As a divided Congress gets underway, the environmental movement must confront a fundamental, and perhaps uncomfortable, reality: The U.S. will not be able to successfully address climate change without bipartisanship.
This is not to discount last year’s passage of the Inflation Reduction Act, which Democrats squeezed through Congress without any GOP votes. However, there is still much work to do on climate and likely a decade’s wait, or longer, until Democrats again secure unified control of government. In the last half century, neither party has recaptured full control of Washington, after losing it, in fewer than 10 years. In the post-World War II period, the average time it has taken is 14 years. At this pace, it will be 2033, 2035, or 2037 before Democrats again hold the House, Senate and White House.
We simply cannot wait that long to pass additional climate legislation. The stakes are too high and the time is too short, especially in light of increasingly frequent and visible climate impacts. So relying exclusively on Democrats for continued climate progress would be a strategic blunder. Bipartisanship is the only assured path to decarbonizing at scale and speed.
Despite this reality, the climate movement has done far too little to lay the groundwork for bipartisan action. For years, philanthropists have poured money into progressive climate groups, while largely overlooking opportunities to engage right-of-center communities on this topic. The data bear this out. According to an analysis by Northeastern University, less than 2 percent of climate philanthropy has gone to engaging conservatives on climate change. On a very practical level, this imbalance misses an opportunity to build a broader tent and delays the elevation of climate as a bipartisan priority.
As former GOP congressmen eager to see further movement on climate, we know firsthand how difficult it can be to mobilize Republicans on this issue. Some of the blame lies within our own party, which has been too skeptical on climate action for too long. But without real engagement from the environmental movement, it becomes easy for our Republican colleagues to dismiss the issue as a liberal concern rather than a challenge confronting us all.
In its work on climate change, the Democratic Party is guided by a formidable civil society apparatus — including think tanks, grassroots organizations and more — that pushes, pulls and applauds Democrats as they act on this issue.
There is little equivalent on the right. The small assemblage of organizations that make up the “eco-right,” while growing, receive only a fraction of the funding that left-of-center groups do. If environmental leaders are genuinely committed to emboldening bipartisan action in support of increasingly ambitious policy, this must change. Far more resources need to be invested in building the kind of infrastructure that can rally conservatives to climate action.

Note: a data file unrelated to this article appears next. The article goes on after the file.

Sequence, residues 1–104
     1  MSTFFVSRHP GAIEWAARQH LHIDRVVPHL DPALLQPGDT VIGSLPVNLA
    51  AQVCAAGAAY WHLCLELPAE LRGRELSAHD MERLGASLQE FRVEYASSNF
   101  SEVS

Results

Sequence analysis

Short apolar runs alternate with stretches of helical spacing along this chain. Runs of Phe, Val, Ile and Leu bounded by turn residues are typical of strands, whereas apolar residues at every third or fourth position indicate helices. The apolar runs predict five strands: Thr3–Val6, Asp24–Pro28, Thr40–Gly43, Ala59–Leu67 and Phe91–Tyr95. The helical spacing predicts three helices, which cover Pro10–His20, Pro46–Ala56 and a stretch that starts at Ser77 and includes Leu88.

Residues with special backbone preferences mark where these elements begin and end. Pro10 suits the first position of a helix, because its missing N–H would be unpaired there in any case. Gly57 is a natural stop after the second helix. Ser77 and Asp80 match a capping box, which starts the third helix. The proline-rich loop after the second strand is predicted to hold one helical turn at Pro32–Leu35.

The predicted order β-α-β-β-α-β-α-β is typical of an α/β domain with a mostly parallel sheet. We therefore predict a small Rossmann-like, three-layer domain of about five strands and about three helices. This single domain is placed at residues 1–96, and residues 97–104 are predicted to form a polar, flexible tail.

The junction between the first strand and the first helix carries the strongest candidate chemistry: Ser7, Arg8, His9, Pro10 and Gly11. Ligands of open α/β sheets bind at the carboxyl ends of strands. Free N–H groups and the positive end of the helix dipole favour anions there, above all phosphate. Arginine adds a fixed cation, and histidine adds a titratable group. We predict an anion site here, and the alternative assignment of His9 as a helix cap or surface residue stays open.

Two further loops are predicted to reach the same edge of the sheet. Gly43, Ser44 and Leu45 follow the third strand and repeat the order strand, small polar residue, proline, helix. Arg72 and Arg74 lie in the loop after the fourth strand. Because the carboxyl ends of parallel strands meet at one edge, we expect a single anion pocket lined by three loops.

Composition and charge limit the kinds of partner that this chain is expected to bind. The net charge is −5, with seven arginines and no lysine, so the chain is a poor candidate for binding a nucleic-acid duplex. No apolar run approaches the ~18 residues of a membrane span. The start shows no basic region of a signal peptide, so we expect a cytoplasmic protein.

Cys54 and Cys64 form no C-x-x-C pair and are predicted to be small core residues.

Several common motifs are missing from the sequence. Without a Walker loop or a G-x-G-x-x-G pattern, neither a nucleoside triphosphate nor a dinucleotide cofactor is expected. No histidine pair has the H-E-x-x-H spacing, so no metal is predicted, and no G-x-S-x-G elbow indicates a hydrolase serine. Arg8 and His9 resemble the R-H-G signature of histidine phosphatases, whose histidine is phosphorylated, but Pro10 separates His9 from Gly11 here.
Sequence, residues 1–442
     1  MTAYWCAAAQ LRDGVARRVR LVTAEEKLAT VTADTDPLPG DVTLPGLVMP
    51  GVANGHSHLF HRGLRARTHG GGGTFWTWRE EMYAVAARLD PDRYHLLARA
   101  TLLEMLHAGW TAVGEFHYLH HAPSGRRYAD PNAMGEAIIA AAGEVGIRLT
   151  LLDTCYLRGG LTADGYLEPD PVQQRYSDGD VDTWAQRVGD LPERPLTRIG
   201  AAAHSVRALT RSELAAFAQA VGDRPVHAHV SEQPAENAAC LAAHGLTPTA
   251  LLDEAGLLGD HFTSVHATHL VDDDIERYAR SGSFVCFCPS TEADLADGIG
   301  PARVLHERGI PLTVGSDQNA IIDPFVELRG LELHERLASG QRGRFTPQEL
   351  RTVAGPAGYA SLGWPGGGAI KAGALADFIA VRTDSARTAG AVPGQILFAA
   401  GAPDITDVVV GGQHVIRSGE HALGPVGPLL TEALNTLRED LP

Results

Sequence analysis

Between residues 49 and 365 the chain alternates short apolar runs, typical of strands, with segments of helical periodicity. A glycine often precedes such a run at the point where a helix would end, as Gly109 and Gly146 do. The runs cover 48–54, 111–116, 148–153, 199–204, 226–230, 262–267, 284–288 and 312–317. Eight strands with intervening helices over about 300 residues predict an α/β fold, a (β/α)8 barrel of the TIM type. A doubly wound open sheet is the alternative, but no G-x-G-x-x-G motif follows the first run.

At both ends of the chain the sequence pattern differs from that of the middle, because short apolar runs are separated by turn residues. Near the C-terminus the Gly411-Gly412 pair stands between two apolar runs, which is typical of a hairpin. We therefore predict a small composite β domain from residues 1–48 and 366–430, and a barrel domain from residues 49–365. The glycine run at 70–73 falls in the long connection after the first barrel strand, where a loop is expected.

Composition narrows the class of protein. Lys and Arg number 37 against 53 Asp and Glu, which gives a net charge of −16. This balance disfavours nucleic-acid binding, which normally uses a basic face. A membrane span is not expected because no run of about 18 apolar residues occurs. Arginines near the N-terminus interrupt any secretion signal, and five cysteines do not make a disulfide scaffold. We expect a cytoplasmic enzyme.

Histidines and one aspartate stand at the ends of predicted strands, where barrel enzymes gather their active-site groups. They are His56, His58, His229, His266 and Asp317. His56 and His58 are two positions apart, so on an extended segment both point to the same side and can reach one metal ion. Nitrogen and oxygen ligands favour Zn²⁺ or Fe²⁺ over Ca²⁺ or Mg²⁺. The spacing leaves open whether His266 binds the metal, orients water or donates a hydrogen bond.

Already, advocacy by the eco-right has demonstrated its ability to move the political needle. Just in the last few years, dozens of Republicans have joined the bipartisan Climate Solutions Caucuses in both chambers of Congress; the newly formed Conservative Climate Caucus in the House now includes a third of the GOP conference.
These efforts have also produced concrete legislation, including the bipartisan Growing Climate Solutions Act, which passed the Senate with 92 votes. Several other bills, including the Financing Our Energy Future Act, Restoring Resilient Reefs Act, Protecting and Securing Florida’s Coastline Act, and National Climate Adaptation and Resilience Strategy Act, have also garnered bipartisan support.
The Energy Act of 2020, which earned strong support from both parties, directs the EPA to reduce HFC gasses 85 percent by 2035. This measure will help limit global warming by a full half of a degree Celsius — one of the most significant climate actions in history. Additionally, the bipartisan infrastructure bill passed in the last Congress includes an array of low carbon and clean energy measures.
There are meaningful, bipartisan victories to be achieved for those who seek them. This requires an openness to market-based solutions and a deeper commitment to climate engagement across the political spectrum.
Especially as philanthropic commitments to address climate change grow — including a new initiative announced this year at Davos — right-of-center climate engagement must be a core part of the portfolio.
One important place to start is in red states, where climate organizing, especially by trusted messengers, has paled in comparison to the vigor and energy of advocacy in blue states. At the end of the day, lawmakers are responsive to the voters in their own states and districts. Only with a greater mandate to lead, in Republican and Democratic districts alike, can we create the conditions necessary for bipartisan action on Capitol Hill.
While climate change is a unique and paramount challenge, the laws of political gravity remain the same. Legislative outcomes are born from the political infrastructure supporting them. If bipartisan climate solutions are our goal, then we must build toward them.
From the nexus of climate and trade to pollution pricing to natural climate solutions, there are many promising areas for bipartisan progress. But unless the environmental community embraces this mandate, and dedicates resources and attention accordingly, we will fail to meet the responsibilities of our moment in history.
This is the environmental movement’s vulnerability, but also its opportunity. Building bipartisan routes forward on climate won’t be easy. But it is the work that can, and must, be done.